Privacy by Default, Abuse by Design: EU Competition Concerns About Apple’s New App Tracking Policy

By Thomas Hoppner (Technical University Wildau) & Philipp Westerhoff (Hausfeld)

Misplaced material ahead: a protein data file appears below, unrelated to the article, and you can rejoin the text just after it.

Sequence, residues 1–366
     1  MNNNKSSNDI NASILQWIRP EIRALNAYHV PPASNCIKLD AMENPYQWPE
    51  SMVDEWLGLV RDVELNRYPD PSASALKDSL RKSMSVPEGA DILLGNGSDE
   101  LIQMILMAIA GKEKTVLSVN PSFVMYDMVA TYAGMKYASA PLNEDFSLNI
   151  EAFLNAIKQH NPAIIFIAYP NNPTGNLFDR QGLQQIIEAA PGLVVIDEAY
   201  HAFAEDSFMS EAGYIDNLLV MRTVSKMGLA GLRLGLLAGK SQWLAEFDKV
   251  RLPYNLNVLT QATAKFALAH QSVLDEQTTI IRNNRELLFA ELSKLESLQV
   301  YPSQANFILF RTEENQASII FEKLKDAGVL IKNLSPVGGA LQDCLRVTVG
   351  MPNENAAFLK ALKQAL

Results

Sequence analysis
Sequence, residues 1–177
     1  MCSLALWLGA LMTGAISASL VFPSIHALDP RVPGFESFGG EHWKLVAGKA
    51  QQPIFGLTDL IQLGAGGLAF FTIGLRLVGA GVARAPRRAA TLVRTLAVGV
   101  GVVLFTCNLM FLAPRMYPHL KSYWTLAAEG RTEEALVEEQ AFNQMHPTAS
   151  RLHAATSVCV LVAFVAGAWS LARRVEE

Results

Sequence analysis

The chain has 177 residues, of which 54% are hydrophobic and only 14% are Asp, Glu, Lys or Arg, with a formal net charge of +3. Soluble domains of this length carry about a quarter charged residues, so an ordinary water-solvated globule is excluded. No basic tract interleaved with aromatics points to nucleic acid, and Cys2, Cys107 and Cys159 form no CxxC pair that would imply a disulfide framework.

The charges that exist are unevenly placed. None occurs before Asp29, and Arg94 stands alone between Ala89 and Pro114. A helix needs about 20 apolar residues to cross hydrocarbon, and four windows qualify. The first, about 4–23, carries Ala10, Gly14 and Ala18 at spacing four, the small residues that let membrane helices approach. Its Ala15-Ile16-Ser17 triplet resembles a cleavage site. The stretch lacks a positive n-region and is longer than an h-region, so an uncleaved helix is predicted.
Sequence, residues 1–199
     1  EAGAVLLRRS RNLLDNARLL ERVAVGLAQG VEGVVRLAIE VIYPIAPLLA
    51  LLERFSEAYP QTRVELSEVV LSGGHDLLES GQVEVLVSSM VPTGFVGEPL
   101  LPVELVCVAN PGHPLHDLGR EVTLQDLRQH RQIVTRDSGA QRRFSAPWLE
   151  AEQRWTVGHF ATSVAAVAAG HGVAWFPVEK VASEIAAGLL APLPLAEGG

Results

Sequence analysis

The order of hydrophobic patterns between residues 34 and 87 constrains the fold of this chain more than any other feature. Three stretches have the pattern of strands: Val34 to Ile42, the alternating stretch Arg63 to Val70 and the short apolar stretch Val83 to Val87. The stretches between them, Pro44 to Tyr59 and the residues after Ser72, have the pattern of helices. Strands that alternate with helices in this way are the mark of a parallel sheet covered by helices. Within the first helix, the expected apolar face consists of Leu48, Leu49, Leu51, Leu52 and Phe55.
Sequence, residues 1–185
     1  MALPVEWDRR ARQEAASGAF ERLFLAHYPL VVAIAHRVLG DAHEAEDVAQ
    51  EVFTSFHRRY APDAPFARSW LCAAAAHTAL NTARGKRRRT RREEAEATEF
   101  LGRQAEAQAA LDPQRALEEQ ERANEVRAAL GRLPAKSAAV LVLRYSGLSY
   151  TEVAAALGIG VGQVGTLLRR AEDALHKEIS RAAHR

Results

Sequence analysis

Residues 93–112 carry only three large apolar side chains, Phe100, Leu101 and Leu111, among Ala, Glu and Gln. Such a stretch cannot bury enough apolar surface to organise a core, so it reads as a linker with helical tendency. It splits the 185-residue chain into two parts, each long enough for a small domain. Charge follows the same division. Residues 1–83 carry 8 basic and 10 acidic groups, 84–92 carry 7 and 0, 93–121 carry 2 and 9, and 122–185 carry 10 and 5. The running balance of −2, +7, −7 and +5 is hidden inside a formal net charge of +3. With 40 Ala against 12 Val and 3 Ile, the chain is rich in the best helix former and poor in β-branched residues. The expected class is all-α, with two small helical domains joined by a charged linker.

With the most recent updates of its mobile operating systems, in April 2021 Apple implemented a new global App Tracking Transparency policy. The policy obliges app developers to display an additional (Apple-designed) prompt to request permission from end users for the developer to “track” the user, even when the user has already consented to the sharing of its data through the developer’s own consent tool. Apple presents the new policy as a step to enhance privacy. Others, including the authors of this article, see it as a “bombshell for third-party mobile ad tech” that, together with Google’s disabling of third-party cookies, only entrenches the data supremacy of Apple and Google, and forecloses data-based competition and consumer choice across the entire Apple ecosystem. These concerns in fact have already triggered an investigation by the French Autorité de la concurrence and a complaint of eight media and tech associations before the German Bundeskartellamt. From the standpoint of EU law, this article describes the relevant conduct and technicalities, its impact on end users’ data privacy and on competition, and how both interests may be weighed considering the existing legislation.

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